In an era of rising taxes, how do tax marginal rates affect tax payers? What’s more, how do high-income tax payers avoid taxation? After all, they have more money to hire tax attorneys and accountants, so they might not be affected by a change in marginal rates. The top 1 percent of income earners reportedly get most of their income from capital gains, so any increase in the marginal rates on wages would need to be accompanied by special rates on other sources of income.

One way to look at the effect of changing marginal tax rates is to compare them to the rate of inflation. The higher-income groups are most responsive to tax changes, so a system with declining marginal tax rates is more desirable. In addition, higher-income taxpayers generally have higher sensitivity to tax changes, which makes a rise in marginal tax rates necessary to justify the higher rates. Nonetheless, this does not make the tax system more progressive.

The Organization for Economic Cooperation and Development provides data on the top marginal tax rates. According to the OECD, the U.S. top marginal rate was 46 percent in 2020, including state income tax and social insurance taxes. In comparison, Alaska’s combined top marginal rate was 22nd highest among OECD countries. If you think that the federal rate is high enough, it’s probably a mistake.

Comparing marginal tax rates over time is difficult. The value of tax expenditures has significantly changed over time, and thus it’s difficult to compare the rates in the same period. For example, a taxable income of $150,000 in 1991 is much different from the same taxable income of $150,000 in 2021. Moreover, there are differences in the tax rates according to family composition. This is because in the same period, income levels are similar, but taxable rates are not.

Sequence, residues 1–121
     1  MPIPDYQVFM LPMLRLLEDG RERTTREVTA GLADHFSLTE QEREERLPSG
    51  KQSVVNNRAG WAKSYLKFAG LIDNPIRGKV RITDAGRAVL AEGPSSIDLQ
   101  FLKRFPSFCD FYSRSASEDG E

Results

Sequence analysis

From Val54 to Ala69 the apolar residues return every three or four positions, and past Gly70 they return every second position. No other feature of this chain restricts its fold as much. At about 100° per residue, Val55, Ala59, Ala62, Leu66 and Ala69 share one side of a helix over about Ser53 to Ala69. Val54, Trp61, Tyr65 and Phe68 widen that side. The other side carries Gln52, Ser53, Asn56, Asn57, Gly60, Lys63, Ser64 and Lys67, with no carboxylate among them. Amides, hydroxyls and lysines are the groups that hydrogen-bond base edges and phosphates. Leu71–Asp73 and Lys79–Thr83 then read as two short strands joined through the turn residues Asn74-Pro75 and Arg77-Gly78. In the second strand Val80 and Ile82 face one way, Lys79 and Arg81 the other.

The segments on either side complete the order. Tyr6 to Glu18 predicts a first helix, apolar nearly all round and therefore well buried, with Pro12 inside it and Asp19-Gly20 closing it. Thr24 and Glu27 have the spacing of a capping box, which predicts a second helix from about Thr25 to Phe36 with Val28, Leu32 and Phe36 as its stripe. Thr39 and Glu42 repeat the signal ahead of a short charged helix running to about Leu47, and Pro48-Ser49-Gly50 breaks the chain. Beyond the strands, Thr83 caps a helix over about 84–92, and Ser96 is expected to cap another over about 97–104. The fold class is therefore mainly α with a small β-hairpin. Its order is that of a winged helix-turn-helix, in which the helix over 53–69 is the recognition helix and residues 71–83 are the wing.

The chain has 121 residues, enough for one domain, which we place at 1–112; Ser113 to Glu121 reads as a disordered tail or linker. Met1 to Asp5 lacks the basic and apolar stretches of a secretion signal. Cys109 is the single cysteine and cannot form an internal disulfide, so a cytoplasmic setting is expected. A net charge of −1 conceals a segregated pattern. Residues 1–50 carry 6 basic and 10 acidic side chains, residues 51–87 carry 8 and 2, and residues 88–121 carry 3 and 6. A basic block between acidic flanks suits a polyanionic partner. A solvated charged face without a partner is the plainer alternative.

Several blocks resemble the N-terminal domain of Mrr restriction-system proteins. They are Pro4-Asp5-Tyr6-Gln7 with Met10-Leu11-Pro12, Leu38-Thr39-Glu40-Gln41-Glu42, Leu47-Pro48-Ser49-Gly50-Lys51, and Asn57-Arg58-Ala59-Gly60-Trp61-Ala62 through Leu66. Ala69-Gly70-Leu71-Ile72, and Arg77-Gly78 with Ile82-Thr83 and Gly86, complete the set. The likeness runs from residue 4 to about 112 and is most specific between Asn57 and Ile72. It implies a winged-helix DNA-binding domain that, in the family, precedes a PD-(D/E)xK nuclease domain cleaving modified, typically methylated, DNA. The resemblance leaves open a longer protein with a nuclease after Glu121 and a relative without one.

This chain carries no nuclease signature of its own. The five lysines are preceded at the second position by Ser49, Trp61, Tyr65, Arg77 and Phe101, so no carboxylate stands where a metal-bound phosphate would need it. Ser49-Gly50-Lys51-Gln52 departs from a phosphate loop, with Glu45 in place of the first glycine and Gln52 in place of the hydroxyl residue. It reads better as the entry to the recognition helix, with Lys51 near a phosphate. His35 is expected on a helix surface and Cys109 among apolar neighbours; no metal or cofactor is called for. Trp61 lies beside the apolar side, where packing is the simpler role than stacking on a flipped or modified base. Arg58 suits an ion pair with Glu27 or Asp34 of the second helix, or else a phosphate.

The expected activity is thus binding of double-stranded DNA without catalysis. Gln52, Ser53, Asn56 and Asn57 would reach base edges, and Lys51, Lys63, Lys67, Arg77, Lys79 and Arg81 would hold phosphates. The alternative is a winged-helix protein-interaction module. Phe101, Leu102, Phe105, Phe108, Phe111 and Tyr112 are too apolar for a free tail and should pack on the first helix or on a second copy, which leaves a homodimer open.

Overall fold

The same data are not available for the small businesses, which may be more exposed to taxes. However, their experiences could be useful in revenue projections. For instance, large taxpayers are more likely to be diverse than small taxpayers, and so size-specific elasticity estimates are more relevant. For that reason, they can be obtained from the experience of large businesses. Even if these estimates aren’t as useful as those for small businesses, the method would still be an improvement over the aggregate estimates.

Basically, tax marginal rates are the percentage of taxable income that each taxpayer pays in taxes. These tax rates affect millions of individual taxpayers. In the United States, the federal marginal tax rate increases for every additional dollar that an individual earns. Thus, the higher an individual’s income, the higher their marginal tax rate. If this rate is lower than their effective tax rate, it is less.

Although these data are not definitive, they do suggest that a modest tax rate encourages the development of the private sector and formalization of businesses, especially small and medium-sized enterprises. SMEs are responsible for between 25 and 35% of the nation’s tax revenue, and high tax rates discourage them from operating. In addition, these businesses are more likely to move into the informal sector or cease operations.

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